SMILEY: In advance of people seeing this on Wednesday night, what assurance do you give the people that the piece - pardon the pun - is fair and balanced? And I ask that against the backdrop of what you've just shared now. You were very forthright and very honest, which I appreciate, about your being skeptical of the war to begin with, skeptical of how the media covered or didn't cover the war. How, then, does one who has your point of view put together a fair and balanced piece about this provocative question?
MOYERS: You gather the evidence. Fox News has so poisoned the meaning of fair and balanced that I can't even understand those terms anymore, but anybody who watches this documentary will see that we lay out the evidence. And I ask everybody who watches - I ask everybody who's watching tonight to watch the documentary and ask yourself as you go along if the evidence isn't being laid out, and then reach your own conclusion.
That's really why I did the documentary. I wanted to go back, review - and I've interviewed Dan Rather for this documentary, Tim Russert for this documentary, Walter Isaacson, who was the president of CNN at the time of the invasion of Iraq, Bob Simon of "60 Minutes," and I want the audience to listen to those interviews, look at the evidence, and then reach your own conclusion about what you think, not what Bill Moyers thinks. That's not that important.
This is a fairly funny answer. I've interviewed all the liberal media stars, and I think you can conclude from that slanted slate that I'm fair? At the end, Smiley sounded more like a typical liberal:
SMILEY: Finally, is it just me or is this administration the most secretive of all time? You've worked in the White House. I wonder to what extent, again, their modus operandi - which is secrecy at all costs - has anything to do with the story that you're going to unveil for us on Wednesday night?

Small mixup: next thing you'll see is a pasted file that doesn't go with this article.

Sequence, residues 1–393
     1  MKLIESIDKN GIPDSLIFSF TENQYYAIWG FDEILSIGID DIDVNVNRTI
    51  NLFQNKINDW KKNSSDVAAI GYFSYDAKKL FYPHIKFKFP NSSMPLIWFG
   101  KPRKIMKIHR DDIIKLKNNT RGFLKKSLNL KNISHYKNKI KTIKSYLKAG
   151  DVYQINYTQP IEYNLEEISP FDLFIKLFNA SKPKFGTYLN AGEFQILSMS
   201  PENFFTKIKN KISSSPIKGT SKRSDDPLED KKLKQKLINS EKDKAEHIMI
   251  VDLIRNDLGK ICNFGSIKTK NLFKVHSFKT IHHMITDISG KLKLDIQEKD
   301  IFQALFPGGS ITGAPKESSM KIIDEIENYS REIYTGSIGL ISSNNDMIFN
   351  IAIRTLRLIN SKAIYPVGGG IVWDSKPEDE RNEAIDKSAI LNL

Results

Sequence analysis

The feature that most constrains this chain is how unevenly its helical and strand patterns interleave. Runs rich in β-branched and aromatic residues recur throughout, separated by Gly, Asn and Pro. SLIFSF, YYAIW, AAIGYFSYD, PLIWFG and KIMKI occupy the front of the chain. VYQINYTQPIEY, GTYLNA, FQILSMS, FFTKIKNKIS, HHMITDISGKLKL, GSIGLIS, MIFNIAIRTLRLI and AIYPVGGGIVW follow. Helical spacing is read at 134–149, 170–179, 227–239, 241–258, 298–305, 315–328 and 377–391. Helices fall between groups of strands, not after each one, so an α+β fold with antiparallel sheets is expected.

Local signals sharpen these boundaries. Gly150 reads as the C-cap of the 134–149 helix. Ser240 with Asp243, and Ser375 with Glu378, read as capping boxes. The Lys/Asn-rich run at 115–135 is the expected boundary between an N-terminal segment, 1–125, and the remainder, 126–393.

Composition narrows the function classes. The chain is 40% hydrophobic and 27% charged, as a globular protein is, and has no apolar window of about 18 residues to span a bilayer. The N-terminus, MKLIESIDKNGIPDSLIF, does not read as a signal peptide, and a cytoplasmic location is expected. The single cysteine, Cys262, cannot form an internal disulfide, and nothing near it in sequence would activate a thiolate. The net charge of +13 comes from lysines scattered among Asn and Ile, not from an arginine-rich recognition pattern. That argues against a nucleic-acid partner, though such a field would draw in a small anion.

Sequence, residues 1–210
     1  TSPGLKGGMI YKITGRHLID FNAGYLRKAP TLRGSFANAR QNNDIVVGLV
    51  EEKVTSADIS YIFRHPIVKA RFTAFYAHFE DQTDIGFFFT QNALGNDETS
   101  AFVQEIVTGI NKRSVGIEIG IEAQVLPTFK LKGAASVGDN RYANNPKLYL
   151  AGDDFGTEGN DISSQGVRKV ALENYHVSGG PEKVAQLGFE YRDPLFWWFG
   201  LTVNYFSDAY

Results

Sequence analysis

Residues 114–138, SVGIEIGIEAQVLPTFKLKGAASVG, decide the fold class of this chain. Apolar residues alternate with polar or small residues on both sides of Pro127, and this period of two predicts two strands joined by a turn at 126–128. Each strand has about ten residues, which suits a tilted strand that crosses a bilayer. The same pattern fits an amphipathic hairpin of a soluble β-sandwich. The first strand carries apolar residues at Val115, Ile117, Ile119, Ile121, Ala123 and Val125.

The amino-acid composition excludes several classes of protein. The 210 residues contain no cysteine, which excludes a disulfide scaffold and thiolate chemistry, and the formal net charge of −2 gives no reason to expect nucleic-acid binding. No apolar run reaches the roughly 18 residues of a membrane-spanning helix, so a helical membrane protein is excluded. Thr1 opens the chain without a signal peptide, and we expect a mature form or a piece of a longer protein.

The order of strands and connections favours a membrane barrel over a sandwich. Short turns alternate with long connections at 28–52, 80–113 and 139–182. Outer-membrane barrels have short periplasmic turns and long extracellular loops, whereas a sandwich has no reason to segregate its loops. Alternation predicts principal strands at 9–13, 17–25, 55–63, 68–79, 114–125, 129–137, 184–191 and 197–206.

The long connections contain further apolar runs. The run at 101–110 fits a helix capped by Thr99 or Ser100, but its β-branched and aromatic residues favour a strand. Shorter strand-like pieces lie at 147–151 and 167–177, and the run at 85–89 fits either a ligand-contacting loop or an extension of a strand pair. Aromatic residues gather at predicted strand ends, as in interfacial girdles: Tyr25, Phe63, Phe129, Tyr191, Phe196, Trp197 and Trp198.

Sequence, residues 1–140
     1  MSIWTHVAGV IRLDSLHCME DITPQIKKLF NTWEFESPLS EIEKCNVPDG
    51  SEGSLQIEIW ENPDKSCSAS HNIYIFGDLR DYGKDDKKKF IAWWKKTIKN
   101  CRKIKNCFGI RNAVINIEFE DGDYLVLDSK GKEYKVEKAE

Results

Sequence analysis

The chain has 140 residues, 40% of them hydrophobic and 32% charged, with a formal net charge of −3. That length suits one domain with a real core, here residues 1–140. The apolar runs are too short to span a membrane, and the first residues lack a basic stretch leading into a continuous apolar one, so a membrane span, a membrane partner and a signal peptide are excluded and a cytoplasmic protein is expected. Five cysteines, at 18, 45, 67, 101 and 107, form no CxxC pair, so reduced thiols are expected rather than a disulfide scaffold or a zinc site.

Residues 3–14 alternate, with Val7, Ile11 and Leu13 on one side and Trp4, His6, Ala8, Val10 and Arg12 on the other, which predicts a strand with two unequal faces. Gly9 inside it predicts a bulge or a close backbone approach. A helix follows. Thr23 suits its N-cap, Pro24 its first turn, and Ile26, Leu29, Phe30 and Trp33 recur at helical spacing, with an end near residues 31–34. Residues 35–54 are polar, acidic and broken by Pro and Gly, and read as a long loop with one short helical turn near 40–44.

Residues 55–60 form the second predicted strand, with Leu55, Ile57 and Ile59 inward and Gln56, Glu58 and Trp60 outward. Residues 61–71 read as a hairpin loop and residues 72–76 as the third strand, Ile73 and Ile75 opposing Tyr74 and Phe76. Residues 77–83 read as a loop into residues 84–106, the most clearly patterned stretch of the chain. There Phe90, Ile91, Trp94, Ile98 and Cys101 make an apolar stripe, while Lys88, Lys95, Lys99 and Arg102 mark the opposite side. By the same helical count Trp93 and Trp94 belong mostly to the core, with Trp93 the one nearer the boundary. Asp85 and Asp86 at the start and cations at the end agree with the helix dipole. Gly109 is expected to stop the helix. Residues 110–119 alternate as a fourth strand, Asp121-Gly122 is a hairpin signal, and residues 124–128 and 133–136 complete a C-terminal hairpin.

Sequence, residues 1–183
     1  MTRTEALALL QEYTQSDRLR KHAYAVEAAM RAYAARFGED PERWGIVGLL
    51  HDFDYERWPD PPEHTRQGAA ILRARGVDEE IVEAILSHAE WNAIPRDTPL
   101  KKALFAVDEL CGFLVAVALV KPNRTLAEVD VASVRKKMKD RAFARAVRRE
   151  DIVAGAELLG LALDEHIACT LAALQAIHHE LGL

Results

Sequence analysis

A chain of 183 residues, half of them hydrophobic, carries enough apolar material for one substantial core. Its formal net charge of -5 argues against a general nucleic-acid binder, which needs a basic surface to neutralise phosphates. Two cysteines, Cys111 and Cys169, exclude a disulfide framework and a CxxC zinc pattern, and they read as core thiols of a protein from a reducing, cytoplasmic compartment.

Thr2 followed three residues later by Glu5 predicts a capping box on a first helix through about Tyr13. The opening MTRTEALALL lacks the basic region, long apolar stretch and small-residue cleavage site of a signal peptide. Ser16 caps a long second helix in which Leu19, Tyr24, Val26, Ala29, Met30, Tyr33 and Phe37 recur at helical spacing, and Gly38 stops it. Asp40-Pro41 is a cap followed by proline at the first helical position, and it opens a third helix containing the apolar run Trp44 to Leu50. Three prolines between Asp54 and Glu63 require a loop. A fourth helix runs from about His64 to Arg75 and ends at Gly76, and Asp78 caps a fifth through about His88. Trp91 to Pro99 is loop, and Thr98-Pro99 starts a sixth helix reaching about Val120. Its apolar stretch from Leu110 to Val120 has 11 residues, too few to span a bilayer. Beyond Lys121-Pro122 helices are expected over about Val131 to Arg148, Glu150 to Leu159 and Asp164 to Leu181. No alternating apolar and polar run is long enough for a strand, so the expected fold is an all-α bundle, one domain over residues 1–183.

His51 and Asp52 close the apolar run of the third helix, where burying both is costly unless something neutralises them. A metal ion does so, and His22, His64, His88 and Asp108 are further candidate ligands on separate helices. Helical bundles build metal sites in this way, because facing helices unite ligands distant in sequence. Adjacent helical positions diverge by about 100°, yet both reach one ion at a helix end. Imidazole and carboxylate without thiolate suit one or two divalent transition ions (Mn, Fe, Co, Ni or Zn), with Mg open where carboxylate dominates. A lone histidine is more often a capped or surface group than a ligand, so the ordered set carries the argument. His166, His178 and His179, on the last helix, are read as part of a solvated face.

MOYERS: Well, Lyndon Johnson signed the Freedom of Information act back in 1964. He signed it reluctantly, because having been in Congress for so many years he was a man with a passion for secrecy, too. But there's no question but that this administration - and I'm not the only one saying this - there are a lot of people who say this - historians and other journalists say this is the most secretive administration that anyone can remember.
And you know what? That's come home to haunt it, because if you are so secret and you keep things to yourself, when it starts coming out, as this is now coming out about what's happened in Iraq and other things - the Justice hearings - the House tumbles pretty quickly. And when people realize they've been lied to, they don't trust you anymore and your credibility goes sinking like the Titanic.
SMILEY: So again, Wednesday night on most PBS stations across the country, "Buying the War," the premiere episode of "Bill Moyers' Journal" and its return to PBS. That's Wednesday night on most stations. A 90-minute special, and then of course on Friday nights it will resume its regular time slot. Bill Moyers, as always, an honor to have you on the program. Thanks for your insight and for your time, sir.
MOYERS: Thank you, Tavis. And my guest on Friday night, by the way, will be Jon Stewart of "The Daily Show" because I think he's one of the most significant analysts of the news and information of our time.
That would pretty much seal Stewart with a kiss as a big liberal.